Today, September 19, marks 29 years since the earthquake of 1985 which devastated Mexico City leaving thousands of residents dead.  Official estimates placed the death toll at approximately 10,000 although some placed the figure as high as 45,000.

Even when the epicenter of an earthquake is quite far away,  in this case off the Pacific Coast of Mexico, the city, especially the downtown area, is highly susceptible to seismic activity due to the fact that it lies upon what was once a lake.  The soil below the city is soft and spongy which amplifies the effect of earthquakes.  Read more about it here.

In Mexico City the fear of earthquakes continues.  Earlier this year 2 strong quakes affected the capital. One occurred on good Friday just before I set out to the Christ crucifixion in Iztapalapa.  Contrary to the standard protocol in other parts of the world, the tendency here is to evacuate any building you happen to be in as quickly as possible and make your way to the street.  Given that so many buildings collapsed in the 1985 quake, the logic is understandable.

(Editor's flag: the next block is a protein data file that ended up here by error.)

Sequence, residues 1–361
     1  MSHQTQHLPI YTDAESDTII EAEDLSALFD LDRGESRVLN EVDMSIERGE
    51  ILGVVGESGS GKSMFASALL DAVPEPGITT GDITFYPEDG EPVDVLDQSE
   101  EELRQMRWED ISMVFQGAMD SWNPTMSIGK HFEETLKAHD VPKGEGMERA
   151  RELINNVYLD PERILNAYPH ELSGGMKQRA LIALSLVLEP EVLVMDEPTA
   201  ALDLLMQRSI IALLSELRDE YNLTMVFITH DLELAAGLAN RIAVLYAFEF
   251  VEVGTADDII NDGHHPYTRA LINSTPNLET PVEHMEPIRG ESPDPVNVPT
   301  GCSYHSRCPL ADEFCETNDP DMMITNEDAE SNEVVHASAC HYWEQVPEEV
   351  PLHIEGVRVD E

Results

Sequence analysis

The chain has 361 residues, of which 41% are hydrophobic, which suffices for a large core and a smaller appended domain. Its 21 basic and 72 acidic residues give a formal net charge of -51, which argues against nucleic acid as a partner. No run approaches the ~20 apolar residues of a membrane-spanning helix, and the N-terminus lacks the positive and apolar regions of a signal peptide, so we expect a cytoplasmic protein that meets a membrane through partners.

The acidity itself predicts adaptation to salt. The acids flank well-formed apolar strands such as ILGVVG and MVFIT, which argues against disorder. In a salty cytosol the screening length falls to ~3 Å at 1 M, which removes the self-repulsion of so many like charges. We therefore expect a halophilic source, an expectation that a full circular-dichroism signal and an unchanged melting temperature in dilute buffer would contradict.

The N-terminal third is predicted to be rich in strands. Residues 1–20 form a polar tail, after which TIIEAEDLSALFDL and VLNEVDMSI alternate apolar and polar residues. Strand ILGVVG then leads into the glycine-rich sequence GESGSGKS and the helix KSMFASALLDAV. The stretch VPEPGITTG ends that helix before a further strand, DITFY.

Today at my workplace I participated in a simulated emergency evacuation drill as did many others around the city.  Embedded below is a short video which shows some of the devastation caused.  It’s in Spanish but the stark images require no translation.

Peter W Davies


  1. There’s a small monument at Tlatelolco to Placido Domingo, who grew up in the area and returned to coordinate rescue efforts there.

    Mexico – and the west coast of Latin America in general – gets some nasty rumblers. I remember an earthquake when I was on the 18th floor of an edificio in Santa Fe. The building was modern, built on rollers, and rolled back and forth for several minutes.

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